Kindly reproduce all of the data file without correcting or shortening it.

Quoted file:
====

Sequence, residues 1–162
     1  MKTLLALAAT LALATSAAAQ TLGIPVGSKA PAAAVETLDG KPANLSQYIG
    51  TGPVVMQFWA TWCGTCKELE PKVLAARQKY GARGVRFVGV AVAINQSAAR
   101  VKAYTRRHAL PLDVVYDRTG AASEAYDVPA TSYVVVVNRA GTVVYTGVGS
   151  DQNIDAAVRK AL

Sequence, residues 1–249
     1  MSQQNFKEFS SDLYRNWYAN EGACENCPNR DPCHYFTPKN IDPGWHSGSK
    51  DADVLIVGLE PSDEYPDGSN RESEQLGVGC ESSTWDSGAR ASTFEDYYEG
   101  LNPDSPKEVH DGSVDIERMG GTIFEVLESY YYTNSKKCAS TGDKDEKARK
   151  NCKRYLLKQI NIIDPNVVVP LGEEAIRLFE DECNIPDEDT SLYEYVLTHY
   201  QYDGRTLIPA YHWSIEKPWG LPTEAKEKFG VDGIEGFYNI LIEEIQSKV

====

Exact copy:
Sequence, residues 1–162
     1  MKTLLALAAT LALATSAAAQ TLGIPVGSKA PAAAVETLDG KPANLSQYIG
    51  TGPVVMQFWA TWCGTCKELE PKVLAARQKY GARGVRFVGV AVAINQSAAR
   101  VKAYTRRHAL PLDVVYDRTG AASEAYDVPA TSYVVVVNRA GTVVYTGVGS
   151  DQNIDAAVRK AL

Sequence, residues 1–249
     1  MSQQNFKEFS SDLYRNWYAN EGACENCPNR DPCHYFTPKN IDPGWHSGSK
    51  DADVLIVGLE PSDEYPDGSN RESEQLGVGC ESSTWDSGAR ASTFEDYYEG
   101  LNPDSPKEVH DGSVDIERMG GTIFEVLESY YYTNSKKCAS TGDKDEKARK
   151  NCKRYLLKQI NIIDPNVVVP LGEEAIRLFE DECNIPDEDT SLYEYVLTHY
   201  QYDGRTLIPA YHWSIEKPWG LPTEAKEKFG VDGIEGFYNI LIEEIQSKV